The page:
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February Outlook

Business And Health Care Reform

Few issues in recent years have been as heavily debated or as highly contentious as health care reform. And for good reason. The issue affects every American, and its impact on the economy is huge. U.S. health spending in 2010 totaled $2.6 trillion, or almost 18 percent of the total economy. That same year Congress approved, and President Obama signed, a massive overhaul of the U.S. health care system, setting off a firestorm that’s still roiling today.

Only a small portion of the law, officially known as the Patient Protection and Affordable Care Act, has gone into effect, but businesses of all sizes are trying to understand and comply with its requirements. Meanwhile, all of the Republican candidates running for president this year have vowed to repeal the law if elected. And those who want to see all, or most, of the law rolled back have limited time: Its major components don’t kick in until January 1, 2014.

Besides political opposition on the right, the law is facing legal hurdles as well. Next month, the U.S. Supreme Court will hear a key challenge to the law’s constitutionality, which could partially or entirely upend the law.

One of the plaintiffs in the Supreme Court case is the National Federation for Independent Business, an association representing small businesses throughout the country. The NFIB supported health care reform but eventually opposed the Affordable Care Act; NFIB argued that the law failed to address high and rising costs and that it imposed burdensome monetary and administrative costs on businesses.

For this month’s Outlook, we interviewed economist Robert Graboyes, senior fellow for health and economics at the NFIB Research Foundation. A fierce critic of the legislation, he says Americans are only beginning to understand the profound impacts it will have on business and the health care delivery system in this country.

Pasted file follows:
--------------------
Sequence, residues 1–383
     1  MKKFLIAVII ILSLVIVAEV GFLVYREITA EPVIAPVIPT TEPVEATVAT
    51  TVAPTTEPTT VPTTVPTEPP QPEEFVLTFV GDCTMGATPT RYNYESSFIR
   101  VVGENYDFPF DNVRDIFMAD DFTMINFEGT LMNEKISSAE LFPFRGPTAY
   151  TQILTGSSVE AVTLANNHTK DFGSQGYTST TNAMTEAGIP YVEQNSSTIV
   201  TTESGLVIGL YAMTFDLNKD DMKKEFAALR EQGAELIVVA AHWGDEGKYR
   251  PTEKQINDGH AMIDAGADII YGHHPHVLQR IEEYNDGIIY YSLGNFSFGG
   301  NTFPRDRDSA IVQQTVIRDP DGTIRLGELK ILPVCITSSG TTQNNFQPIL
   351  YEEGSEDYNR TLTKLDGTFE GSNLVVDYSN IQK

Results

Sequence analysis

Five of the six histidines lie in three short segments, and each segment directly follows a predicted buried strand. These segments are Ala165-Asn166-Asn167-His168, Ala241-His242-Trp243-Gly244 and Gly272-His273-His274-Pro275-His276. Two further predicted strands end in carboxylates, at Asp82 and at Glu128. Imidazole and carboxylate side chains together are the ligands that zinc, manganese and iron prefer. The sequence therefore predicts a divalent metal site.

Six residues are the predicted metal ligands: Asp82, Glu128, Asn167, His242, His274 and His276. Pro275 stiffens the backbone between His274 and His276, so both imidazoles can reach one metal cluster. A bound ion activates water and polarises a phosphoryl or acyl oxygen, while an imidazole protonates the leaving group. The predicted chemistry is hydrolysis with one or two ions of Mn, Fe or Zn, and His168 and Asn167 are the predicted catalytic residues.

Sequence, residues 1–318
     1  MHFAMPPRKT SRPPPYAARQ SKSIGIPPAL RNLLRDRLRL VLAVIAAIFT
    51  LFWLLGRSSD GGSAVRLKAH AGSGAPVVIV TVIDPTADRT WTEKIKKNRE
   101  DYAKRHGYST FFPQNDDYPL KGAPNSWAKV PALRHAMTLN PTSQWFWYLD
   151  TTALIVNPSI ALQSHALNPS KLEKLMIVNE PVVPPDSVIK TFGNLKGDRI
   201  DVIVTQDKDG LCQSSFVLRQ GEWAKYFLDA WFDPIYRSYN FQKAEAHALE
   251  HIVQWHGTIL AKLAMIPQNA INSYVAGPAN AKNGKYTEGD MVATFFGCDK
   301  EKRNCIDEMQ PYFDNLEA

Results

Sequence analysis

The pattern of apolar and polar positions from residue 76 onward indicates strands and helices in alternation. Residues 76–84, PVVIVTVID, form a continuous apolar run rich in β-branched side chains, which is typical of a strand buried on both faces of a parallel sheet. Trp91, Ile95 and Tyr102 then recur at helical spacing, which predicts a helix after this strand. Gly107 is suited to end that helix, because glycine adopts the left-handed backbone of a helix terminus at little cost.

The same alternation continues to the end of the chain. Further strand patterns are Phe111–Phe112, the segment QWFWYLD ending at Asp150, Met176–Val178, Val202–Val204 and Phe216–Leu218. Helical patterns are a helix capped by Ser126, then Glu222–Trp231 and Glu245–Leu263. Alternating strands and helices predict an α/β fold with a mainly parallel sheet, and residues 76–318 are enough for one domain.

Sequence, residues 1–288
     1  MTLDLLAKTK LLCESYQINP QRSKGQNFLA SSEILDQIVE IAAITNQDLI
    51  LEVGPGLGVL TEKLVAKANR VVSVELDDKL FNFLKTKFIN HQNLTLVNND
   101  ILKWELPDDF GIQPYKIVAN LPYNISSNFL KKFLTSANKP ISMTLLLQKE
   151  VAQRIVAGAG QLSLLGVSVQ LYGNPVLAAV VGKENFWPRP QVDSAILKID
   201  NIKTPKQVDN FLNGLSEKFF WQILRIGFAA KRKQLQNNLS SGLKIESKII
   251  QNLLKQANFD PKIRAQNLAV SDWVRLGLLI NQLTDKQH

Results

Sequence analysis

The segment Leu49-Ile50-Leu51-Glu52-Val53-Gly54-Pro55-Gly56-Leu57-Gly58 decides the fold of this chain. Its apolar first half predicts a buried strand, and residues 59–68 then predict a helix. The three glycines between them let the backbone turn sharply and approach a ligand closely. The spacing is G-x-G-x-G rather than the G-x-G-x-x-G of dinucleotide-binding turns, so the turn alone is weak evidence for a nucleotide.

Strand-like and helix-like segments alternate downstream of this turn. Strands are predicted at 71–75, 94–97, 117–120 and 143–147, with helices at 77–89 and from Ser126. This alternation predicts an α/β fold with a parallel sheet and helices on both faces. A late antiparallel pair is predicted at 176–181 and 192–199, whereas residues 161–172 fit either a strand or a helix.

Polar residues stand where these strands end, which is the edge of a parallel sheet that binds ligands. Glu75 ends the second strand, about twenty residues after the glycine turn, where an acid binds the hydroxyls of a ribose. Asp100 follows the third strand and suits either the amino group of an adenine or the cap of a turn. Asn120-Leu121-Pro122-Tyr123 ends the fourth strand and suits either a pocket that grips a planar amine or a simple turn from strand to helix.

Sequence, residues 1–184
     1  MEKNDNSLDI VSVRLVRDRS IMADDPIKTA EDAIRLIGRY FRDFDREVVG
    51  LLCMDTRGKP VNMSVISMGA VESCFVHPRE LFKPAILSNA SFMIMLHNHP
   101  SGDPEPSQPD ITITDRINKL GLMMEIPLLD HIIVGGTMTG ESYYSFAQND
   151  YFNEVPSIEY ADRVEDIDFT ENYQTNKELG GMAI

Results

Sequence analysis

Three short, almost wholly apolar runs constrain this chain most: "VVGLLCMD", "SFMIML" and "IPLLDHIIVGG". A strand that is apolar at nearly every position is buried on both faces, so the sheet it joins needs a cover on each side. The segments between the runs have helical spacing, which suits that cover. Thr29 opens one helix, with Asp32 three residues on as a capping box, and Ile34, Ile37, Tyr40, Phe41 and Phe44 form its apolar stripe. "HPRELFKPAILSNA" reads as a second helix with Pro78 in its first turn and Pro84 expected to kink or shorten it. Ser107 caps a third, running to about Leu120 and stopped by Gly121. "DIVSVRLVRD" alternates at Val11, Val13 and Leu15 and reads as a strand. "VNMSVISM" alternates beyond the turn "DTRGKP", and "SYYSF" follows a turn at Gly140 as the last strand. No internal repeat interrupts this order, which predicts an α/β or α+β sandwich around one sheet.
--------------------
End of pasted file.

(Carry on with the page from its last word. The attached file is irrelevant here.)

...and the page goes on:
Editor’s note: In order to provide readers with a balance of perspectives, next month’s edition of Outlook will feature an interview on health care reform with economist Henry J. Aaron, a supporter of the law and a senior fellow at the Brookings Institution.

OUTLOOK: Take us through a timeline – what’s happened already with health care implementation, and what’s yet to happen?

Robert F. Graboyes: In 2010, a small-business tax credit kicked in, along with the tax on tanning parlors, and a provision that all insurance policies had to allow coverage of children of policy holders up to age 26 if other employer coverage isn’t available. In 2011, there was a new tax on drugs, and people were told they could no longer buy over-the-counter medications with a flex plan or health savings account – unless they have a doctor’s prescription. Not much that impacts small businesses kicks in this year. But there’s a flurry of regulation writing going on. Next year, there are a bunch of new taxes, such as those on medical devices; some 1040 deductions go away; and some additional limits on flex plans kick in. Many small business owners will face new surtaxes on household wages and salaries and on investments; these taxes are officially called “Medicare” taxes, though their proceeds will not actually go to Medicare. But 2014 is the big year — the individual mandate goes into effect, as does the employer mandate, the individual subsidies, the small-business health insurance tax, the exchanges, the benefit mandates, and the Medicaid expansion. And for the rest of the decade, there’s about one big change a year, plus endless regulation writing.

OUTLOOK: Remind us: what are the most significant changes Americans will see due to the health care law?